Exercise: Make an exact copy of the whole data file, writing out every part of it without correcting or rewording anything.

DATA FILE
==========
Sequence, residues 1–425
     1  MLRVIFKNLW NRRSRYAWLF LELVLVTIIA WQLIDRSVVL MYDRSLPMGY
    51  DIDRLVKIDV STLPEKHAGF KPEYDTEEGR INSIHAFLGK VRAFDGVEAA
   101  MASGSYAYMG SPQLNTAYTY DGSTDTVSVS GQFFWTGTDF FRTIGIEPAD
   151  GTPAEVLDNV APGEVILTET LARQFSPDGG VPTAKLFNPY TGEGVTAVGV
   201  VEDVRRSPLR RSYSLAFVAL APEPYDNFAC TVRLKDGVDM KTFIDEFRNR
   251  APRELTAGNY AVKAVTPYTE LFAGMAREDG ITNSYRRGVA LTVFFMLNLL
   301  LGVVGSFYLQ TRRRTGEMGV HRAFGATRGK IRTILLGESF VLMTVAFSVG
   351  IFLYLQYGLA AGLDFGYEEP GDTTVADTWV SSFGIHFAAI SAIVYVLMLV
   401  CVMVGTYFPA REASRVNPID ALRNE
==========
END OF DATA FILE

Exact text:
Sequence, residues 1–425
     1  MLRVIFKNLW NRRSRYAWLF LELVLVTIIA WQLIDRSVVL MYDRSLPMGY
    51  DIDRLVKIDV STLPEKHAGF KPEYDTEEGR INSIHAFLGK VRAFDGVEAA
   101  MASGSYAYMG SPQLNTAYTY DGSTDTVSVS GQFFWTGTDF FRTIGIEPAD
   151  GTPAEVLDNV APGEVILTET LARQFSPDGG VPTAKLFNPY TGEGVTAVGV
   201  VEDVRRSPLR RSYSLAFVAL APEPYDNFAC TVRLKDGVDM KTFIDEFRNR
   251  APRELTAGNY AVKAVTPYTE LFAGMAREDG ITNSYRRGVA LTVFFMLNLL
   301  LGVVGSFYLQ TRRRTGEMGV HRAFGATRGK IRTILLGESF VLMTVAFSVG
   351  IFLYLQYGLA AGLDFGYEEP GDTTVADTWV SSFGIHFAAI SAIVYVLMLV
   401  CVMVGTYFPA REASRVNPID ALRNE